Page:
ginger root
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Here at the Center for Sacred Window Studies, we share voices from many perspectives and backgrounds. We believe that the sacred weeks post birth, and the experience of humanity is experienced in countless ways. We learn by listening to one another and honoring our stories. The views and opinions of our writers do not necessarily reflect the mission, viewpoints or opinions of the Center for Sacred Window Studies.

Oh, ginger! Sweet and spicy ginger! So many pleasurable memories your taste and scent evokes!

Cutting out gingerbread people, kneeling up on an old wobbly wooden stool and sticking on raisin eyes, elbow deep in flour….. Once while selling bread for a sourdough bakery at a farmers’ market on the North Devon coast, I discovered an incredible pear, ginger and banana cake made by a rival Polish baker. I would buy the delectable sticky treat each week and ask for the recipe, swearing blind it wasn’t to make for the stall. Eventually – with much hesitancy – she handed it over….. I look forward to the stem ginger cake made in the shape of little log cabins with icing sugar snow that my local food coop makes during the holidays. The sweet chunks bursting with flavour in my mouth……sigh!……. 

I’m sure all us ginger fans can conjure up that sensation of pungency with a sweet aftertaste. It’s a spice that makes an impression and feels somewhat exotic at the same time as being comfortably familiar and nostalgic. 

History & Lore

I’m clearly not alone in my love for this root (the part used culinarily and medicinally). Cultures throughout history have revered ginger, which is thought to have originally been native to South Asia. The Romans saw it as a symbol of wealth and fertility. And the philosopher Confucius is said to have taken it with every meal. He wrote: ‘Do not take away the Ginger.’ 

In China, an Emperor was so enamored by this modest-looking root that he had thousands and thousands of fields of it planted, demonstrating his wealth and status. What a beautiful sight that must have been when the lily-like flowers were in bloom on mass like that!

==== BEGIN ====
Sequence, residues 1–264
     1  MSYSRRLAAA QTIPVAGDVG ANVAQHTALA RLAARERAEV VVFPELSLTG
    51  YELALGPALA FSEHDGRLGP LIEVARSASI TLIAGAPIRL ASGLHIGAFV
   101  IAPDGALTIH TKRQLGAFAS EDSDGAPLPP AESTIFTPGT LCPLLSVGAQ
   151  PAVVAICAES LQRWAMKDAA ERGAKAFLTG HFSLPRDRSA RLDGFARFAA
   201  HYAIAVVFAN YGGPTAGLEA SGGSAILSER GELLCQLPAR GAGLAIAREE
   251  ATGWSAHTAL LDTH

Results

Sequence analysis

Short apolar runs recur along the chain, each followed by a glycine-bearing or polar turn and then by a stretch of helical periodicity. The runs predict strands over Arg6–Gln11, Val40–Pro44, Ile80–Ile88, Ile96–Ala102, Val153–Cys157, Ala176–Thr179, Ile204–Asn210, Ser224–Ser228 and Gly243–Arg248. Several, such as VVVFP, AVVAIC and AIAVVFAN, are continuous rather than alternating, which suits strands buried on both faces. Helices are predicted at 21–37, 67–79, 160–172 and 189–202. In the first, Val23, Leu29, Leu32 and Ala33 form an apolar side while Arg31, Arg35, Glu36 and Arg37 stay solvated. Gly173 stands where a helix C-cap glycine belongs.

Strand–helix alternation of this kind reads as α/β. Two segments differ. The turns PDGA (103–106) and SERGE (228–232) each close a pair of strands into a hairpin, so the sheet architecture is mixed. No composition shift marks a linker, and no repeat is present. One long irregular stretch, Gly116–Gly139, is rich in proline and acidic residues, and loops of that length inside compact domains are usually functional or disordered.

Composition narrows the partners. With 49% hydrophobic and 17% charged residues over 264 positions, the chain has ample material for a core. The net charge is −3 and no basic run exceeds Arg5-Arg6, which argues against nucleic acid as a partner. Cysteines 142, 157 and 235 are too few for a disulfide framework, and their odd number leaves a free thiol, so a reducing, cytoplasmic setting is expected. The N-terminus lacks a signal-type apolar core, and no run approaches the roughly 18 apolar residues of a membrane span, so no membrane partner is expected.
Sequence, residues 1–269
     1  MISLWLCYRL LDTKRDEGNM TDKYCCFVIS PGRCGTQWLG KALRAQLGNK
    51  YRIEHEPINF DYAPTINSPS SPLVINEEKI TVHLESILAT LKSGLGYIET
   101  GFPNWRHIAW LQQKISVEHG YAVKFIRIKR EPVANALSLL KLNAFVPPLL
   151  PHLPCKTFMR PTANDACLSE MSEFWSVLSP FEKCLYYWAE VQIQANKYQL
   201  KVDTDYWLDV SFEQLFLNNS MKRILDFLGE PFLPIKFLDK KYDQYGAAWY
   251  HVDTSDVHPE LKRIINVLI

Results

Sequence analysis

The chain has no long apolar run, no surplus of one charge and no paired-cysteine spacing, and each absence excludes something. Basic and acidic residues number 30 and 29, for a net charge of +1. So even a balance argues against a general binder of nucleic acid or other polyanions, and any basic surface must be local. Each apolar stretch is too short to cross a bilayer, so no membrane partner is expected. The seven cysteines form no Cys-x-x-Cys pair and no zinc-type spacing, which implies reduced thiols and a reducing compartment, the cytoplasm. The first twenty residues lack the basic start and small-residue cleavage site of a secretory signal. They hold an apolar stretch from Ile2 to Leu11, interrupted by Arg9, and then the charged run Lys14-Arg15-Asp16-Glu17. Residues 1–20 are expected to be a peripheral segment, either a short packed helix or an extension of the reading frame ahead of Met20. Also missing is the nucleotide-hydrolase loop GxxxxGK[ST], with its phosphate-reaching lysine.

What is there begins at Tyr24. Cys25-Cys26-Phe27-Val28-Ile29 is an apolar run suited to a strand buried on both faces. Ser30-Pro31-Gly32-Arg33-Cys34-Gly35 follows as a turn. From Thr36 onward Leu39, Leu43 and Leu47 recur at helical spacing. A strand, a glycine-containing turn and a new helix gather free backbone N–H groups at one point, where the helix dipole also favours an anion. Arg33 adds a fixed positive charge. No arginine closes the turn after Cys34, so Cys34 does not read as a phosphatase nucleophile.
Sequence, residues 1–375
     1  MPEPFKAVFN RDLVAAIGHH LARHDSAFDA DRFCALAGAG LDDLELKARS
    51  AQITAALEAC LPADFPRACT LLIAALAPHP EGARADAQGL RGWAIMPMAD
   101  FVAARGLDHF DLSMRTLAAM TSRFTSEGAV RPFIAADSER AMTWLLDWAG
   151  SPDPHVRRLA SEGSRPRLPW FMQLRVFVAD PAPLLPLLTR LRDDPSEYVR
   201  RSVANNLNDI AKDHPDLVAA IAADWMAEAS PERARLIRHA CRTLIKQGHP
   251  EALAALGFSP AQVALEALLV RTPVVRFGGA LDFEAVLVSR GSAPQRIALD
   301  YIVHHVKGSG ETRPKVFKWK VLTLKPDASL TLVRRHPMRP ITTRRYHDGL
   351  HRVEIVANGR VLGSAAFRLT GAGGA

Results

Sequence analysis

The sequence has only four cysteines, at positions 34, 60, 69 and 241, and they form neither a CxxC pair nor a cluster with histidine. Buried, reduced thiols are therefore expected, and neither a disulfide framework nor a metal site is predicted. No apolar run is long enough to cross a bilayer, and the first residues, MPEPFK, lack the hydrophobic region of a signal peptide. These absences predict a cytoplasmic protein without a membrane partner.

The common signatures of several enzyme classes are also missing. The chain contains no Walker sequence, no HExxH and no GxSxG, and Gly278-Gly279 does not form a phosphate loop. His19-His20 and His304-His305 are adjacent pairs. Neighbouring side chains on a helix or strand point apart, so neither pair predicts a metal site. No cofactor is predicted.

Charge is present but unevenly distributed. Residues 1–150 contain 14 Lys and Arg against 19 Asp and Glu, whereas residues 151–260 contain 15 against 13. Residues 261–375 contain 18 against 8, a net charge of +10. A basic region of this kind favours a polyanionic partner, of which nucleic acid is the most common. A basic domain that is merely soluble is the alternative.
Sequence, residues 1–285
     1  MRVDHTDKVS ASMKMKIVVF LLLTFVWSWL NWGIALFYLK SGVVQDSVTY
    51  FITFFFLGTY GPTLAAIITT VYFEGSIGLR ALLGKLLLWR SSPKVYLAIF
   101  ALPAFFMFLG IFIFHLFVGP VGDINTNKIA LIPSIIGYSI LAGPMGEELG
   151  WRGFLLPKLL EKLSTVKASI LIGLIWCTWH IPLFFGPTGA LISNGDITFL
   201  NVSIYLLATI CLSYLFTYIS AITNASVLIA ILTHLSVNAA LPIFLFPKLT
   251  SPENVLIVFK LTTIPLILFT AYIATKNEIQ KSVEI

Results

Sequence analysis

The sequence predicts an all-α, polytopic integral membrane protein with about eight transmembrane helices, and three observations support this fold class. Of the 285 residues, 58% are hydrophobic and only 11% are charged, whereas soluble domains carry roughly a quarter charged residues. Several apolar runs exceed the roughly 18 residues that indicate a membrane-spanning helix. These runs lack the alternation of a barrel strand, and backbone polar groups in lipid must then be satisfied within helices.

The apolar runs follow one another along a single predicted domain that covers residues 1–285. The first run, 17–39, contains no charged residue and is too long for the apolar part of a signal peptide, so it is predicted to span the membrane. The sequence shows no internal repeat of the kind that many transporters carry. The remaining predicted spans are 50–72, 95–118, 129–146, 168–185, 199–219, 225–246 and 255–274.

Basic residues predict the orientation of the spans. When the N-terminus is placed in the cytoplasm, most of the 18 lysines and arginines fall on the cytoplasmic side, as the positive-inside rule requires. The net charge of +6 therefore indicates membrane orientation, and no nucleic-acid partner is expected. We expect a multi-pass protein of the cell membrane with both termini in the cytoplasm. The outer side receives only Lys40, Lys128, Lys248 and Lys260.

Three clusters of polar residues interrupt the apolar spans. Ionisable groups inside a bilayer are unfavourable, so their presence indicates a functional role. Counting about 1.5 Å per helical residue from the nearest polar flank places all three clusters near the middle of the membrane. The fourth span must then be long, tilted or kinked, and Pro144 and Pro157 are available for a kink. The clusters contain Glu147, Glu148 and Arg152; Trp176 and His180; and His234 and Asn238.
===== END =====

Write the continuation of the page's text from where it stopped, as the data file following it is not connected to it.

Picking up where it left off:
In the courts of Europe in the Middle Ages, ginger was revered as the second most traded spice after black pepper. As a spice for royalty and nobility it was used in exotic dishes from the East and again, seen as a status symbol at the opulent feasts along with other highly prized spices from the Silk Road spice trail. It would cost the common regular folk a few days of labour to buy a pound of ginger, but they did get to enjoy it in ginger beer sold in the taverns. It’s hard to imagine such a spice staple being so exclusive, but reading about the history and trade of ginger as it moved its way around the globe, I am so grateful we now have such easy and plentiful access. 

Benefits & Qualities

As a pungent, warming spice, ginger is a vasodilator thus increasing circulation, metabolism and improving digestion and assimilation of nutrients. In this way the immune system is boosted by the increased oxygen, removal of toxins and availability of nutrients. Ginger is also high in vitamin C and iron, and is one of the few spices that can provide a noteworthy amount of nutrition. It also provides respiratory support to the lungs and a much needed heating quality to coughs and colds. 

Just like its relative turmeric, ginger is also an anti-inflammatory and therefore an effective pain reliever for joints and muscles. AND it is antimicrobial – a tonic to bad breath and dandruff, as well as dangerous bacteria such as salmonella. 

Ayurveda says ginger is one of the most sattvic foods, meaning to bring about clarity, love and compassion. Sattvic foods are imbued with properties of the divine and foster our connection to the divine through consuming them. They are awakening and opening whilst being peaceful and calming.

For Postpartum

So how do these impressive qualities relate to the postpartum time? 

Most importantly: the warming element. With increased Vata in the body after birth, cold is one of the most prominent qualities which we seek to counteract with heat in the birther’s environment and nourishment. Of note, although energetically warming, the post digestive effects of ginger are tonifying and cooling, hence its properties as an anti-inflammatory, also essential for supporting postpartum healing. 

One of the main aims in postpartum care is to start rebuilding the digestive fire (Agni) which is generally compromised after birth.